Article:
It’s never easy dealing with high stress levels. Whether you feel overburdened with work or you have something going on in your personal life that is contributing to your stress levels, it can be difficult to figure out what to do. Unfortunately, stress does a lot more than reduce quality of life, it can take a toll on your heart health as well. In this blog, we’re going to talk about how stress impacts your heart and how you can prevent this.

Heart Disease

Heart disease is the leading cause of death in America and worldwide. Also known as cardiovascular disease, heart disease refers to a wide range of conditions that cause blood vessels to narrow or close, resulting in a heart attack or stroke. Some of the most common risk factors of heart disease include high cholesterol levels and blood pressure, lack of exercise, smoking, and of course, high stress levels. Oftentimes, people will smoke or drink alcohol to reduce stress, but this can lead to damaged arteries.

Although more research is needed to fully understand how stress affects our bodies, one thing is for certain: stress does a lot more harm to our bodies than we give it credit for. We often associate stress with headaches, back pain, and feelings of anxiousness; however, high stress levels go much deeper than this. It also has the ability to affect our sleep patterns, alter our mood and way of thinking, and wreak havoc on an otherwise healthy way of life.

Many doctors believe that stress is closely related to our body’s fight or flight mechanism. When faced with a difficult decision, your body releases adrenaline. This hormone causes your heart rate to increase, blood pressure to rise and alters your breathing. Although this reaction was helpful during a time when humans needed to make split-second decisions to save their lives, it could be our greatest enemy in modern times. Instead of our bodies using this adrenaline rush to make life-saving decisions, our bodies stay in this state for weeks or months at a time. This all leads to restricted blood flow and more strain on our heart.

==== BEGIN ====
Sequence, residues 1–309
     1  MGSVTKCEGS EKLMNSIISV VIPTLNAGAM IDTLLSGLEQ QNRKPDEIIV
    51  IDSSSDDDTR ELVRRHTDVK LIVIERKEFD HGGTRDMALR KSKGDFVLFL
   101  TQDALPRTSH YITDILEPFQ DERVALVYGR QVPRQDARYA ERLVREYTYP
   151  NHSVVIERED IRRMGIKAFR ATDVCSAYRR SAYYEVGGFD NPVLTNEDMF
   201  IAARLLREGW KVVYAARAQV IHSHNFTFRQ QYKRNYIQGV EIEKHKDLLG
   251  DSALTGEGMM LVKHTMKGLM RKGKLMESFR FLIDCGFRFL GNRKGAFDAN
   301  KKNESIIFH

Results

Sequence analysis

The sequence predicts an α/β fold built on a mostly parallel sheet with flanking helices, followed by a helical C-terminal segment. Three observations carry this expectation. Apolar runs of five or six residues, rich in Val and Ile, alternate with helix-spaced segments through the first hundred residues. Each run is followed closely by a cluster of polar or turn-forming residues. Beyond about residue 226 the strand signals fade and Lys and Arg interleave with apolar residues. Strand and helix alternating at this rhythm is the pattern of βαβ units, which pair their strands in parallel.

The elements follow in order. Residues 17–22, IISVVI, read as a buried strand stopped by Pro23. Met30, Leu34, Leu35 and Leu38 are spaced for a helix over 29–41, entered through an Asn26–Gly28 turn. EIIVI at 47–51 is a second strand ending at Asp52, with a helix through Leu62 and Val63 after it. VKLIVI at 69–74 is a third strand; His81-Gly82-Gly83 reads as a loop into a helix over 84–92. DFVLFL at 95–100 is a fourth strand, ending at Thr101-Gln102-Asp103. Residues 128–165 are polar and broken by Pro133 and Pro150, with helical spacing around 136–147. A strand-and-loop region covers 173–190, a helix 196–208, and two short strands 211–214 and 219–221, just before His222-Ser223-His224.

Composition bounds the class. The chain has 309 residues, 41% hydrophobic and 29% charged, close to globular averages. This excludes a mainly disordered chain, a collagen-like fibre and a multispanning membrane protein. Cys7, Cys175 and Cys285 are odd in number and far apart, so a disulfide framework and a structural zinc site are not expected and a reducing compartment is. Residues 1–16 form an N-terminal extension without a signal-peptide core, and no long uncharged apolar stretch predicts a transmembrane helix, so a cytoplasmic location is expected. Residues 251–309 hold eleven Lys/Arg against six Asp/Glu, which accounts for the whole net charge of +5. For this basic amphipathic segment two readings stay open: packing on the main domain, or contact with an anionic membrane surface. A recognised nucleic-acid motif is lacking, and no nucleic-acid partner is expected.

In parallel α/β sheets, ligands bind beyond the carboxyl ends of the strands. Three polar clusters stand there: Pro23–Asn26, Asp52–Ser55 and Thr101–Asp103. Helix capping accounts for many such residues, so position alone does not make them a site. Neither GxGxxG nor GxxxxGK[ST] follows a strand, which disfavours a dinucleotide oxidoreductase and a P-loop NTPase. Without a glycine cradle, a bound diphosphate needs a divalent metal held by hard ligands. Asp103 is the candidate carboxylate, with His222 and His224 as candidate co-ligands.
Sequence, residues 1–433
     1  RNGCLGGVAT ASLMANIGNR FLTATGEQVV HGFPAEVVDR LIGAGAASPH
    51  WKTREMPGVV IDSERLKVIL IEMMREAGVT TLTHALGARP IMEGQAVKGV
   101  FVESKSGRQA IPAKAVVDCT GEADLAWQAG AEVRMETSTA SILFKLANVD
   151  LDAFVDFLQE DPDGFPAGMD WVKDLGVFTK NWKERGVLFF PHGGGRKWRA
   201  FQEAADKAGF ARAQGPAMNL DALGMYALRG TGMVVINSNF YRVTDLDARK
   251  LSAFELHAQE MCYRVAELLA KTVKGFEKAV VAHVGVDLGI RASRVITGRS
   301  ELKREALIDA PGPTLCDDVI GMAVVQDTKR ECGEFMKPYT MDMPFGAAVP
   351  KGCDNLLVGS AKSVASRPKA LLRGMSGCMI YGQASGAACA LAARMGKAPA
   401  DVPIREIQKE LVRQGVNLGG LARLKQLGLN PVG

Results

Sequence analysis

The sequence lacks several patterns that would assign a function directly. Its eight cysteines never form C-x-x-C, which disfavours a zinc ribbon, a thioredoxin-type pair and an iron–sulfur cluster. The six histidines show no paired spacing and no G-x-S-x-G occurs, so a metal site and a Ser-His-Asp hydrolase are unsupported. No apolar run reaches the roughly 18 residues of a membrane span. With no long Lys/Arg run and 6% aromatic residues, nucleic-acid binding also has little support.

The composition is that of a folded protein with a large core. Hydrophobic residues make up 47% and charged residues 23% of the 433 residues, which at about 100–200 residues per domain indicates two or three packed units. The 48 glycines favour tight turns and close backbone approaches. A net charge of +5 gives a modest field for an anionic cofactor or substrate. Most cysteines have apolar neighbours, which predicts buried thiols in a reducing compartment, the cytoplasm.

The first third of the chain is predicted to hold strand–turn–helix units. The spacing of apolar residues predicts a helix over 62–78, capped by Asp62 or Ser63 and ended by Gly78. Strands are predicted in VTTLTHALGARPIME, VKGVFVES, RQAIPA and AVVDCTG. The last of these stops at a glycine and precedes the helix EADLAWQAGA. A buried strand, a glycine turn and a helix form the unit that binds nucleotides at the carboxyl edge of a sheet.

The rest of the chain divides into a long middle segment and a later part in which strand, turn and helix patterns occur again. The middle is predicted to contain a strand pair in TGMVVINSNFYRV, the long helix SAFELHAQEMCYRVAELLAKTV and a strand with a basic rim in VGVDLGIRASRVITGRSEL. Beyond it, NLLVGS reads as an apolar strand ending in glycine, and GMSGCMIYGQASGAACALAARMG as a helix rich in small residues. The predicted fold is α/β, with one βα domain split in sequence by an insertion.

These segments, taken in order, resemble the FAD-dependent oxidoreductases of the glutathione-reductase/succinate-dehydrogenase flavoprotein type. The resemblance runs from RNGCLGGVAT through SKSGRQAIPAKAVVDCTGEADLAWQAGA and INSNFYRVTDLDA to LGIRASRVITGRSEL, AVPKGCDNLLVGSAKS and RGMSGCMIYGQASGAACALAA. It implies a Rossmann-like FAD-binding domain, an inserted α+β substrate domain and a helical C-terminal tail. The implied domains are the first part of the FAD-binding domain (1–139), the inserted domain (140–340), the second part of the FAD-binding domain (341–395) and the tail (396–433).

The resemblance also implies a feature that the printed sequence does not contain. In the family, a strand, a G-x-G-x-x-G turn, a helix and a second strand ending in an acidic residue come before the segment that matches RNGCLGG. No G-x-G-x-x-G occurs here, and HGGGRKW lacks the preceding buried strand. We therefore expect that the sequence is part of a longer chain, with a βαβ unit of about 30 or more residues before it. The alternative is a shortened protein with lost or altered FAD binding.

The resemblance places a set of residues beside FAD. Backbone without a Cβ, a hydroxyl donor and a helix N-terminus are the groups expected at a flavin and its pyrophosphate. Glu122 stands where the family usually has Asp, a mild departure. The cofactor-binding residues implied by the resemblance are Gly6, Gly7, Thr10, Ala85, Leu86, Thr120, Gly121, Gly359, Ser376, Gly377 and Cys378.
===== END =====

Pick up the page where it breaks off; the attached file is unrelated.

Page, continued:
How Can You Manage Stress?

Although we could tell you to stop living complicated lives and working so much, that wouldn’t really help the situation. We all have things that we need to get done, and many of us enjoy staying busy.

A good way to start would be to understand how stress has impacted your life. Has stress caused you to overeat, avoid exercise, or eat unhealthy food? Have you started smoking or drinking more alcohol than usual? Are you getting less sleep than you used to? Not only will these increase your risk of contracting heart disease, but they could be increasing your stress levels, making it even more difficult to deal with the issue.  

Contact Stockton Cardiology

Managing stress and anxiety isn’t easy, but you don’t have to tackle the issue alone. Seeking help from friends and family is a great way relieve some stress and speak about ways to make your life more manageable. If you’re worried about high stress levels, you should also speak with a cardiologist at Stockton Cardiology. We will work with you to determine what exactly is causing the stress and create a plan to get you back on track to living a heart-healthy life. Give us a call today to schedule an appointment.